Companies declaring bankruptcy in Japan will likely climb to the most in seven years in 2020, further pressuring an economy hurt by the coronavirus pandemic.

That’s the view of Tokyo-based Teikoku Databank Ltd., which is forecasting that such cases may exceed 10,000 this year, the highest since 2013. Bankruptcy protection filings jumped to 758 in April, with 123 of those caused by factors related to the pandemic, as the outbreak forced hotels and restaurants to close their doors, according to the major credit research firm that compiles Japan corporate failure data.

“This feels worse than the global financial crisis,” said Yuya Akama, general manager of the information department at Teikoku Databank’s Tokyo head branch, in an interview. “There are concerns across sectors like department stores, hospitals, airlines, hotels and tourism bus operators and restaurants.”

A global economic slowdown triggered by the COVID-19 pandemic is causing companies to go out of business around the world, threatening the livelihood of workers. Prime Minister Shinzo Abe doubled Japan’s stimulus measures this week to support the economy, which analysts forecast may shrink by more than 20 percent this quarter.

Companies, and small to midsize firms in particular, should accumulate funds not just to override the crisis for the time being but to be prepared for a second wave, Akama said.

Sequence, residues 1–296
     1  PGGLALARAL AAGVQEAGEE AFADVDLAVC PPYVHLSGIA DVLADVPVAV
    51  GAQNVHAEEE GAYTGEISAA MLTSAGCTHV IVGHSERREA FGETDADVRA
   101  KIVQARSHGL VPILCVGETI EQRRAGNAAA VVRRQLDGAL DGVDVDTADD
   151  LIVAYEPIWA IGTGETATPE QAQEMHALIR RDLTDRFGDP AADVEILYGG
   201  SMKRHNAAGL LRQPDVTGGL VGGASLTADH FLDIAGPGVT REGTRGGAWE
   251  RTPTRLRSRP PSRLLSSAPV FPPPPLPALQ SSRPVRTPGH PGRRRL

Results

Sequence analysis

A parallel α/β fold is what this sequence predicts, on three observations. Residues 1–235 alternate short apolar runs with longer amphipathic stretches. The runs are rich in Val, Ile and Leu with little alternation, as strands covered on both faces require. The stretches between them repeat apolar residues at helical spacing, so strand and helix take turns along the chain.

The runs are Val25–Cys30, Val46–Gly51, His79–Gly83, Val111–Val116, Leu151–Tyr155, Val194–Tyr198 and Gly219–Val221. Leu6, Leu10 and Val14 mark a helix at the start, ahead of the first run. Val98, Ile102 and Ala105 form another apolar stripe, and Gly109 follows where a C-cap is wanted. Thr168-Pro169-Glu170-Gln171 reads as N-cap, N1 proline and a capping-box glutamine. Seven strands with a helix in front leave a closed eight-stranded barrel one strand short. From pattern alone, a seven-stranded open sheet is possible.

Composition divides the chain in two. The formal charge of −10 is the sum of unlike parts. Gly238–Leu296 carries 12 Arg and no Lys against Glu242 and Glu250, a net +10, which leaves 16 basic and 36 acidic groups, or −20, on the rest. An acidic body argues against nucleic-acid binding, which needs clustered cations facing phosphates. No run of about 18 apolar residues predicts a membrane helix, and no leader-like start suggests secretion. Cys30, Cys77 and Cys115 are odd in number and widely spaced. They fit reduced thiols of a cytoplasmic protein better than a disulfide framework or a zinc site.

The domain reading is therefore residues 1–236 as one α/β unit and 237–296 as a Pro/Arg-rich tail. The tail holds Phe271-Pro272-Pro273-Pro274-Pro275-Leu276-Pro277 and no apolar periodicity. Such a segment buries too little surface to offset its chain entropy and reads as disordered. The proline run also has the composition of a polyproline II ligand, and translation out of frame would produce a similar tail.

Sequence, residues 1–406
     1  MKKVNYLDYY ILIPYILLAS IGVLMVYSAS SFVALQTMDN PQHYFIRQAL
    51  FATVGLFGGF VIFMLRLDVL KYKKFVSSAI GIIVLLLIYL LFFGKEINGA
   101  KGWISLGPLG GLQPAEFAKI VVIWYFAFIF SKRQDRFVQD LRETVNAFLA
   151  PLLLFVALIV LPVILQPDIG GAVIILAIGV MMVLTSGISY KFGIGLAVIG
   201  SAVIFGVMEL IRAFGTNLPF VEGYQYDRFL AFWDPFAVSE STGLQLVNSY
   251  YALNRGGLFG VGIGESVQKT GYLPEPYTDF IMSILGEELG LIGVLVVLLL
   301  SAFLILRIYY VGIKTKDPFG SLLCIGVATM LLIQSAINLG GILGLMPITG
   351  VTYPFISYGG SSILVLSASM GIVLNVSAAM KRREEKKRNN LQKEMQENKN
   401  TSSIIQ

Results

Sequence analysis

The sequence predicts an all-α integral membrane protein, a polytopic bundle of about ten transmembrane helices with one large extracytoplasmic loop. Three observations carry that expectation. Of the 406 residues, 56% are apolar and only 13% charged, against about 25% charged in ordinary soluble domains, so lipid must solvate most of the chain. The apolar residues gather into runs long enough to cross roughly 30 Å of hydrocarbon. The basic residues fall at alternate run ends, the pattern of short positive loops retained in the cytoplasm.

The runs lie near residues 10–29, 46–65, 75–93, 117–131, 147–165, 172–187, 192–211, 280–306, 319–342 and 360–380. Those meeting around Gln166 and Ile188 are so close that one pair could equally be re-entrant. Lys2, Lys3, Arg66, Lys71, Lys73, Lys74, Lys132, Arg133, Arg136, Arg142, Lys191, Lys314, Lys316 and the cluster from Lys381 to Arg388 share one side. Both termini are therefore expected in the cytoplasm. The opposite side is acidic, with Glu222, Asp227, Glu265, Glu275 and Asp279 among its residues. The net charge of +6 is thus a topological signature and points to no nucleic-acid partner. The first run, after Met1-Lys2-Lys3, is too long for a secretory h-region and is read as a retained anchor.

“It’s possible that there may be another state of emergency from the government if there is a second or a third wave,” Akama said. “Moreover, recovery may take longer than expected, and may stretch through a second wave.”

Among Japanese enterprises filing for bankruptcy linked to the coronavirus outbreak, hotels and inns, restaurants and clothing retailers were especially prevalent, according to Teikoku Databank data. Renown Inc., a Tokyo-listed apparel company, filed for creditor protection this month after sales plummeted due to the pandemic.

Many company owners may elect to go out of business without filing for bankruptcy protection, and those cases may also climb in the current environment to around 25,000 this year from less than 24,000 in 2019, according to Akama at Teikoku Databank.

Akama said that he was based in Japan’s northeast in 2011 when a massive earthquake devastated the area, and he saw the damage it caused to local businesses. This crisis is different, he said.

“The coronavirus pandemic isn’t just a Japan-specific matter, but a global issue hitting the entire world economy — it’s unprecedented,” Akama said.

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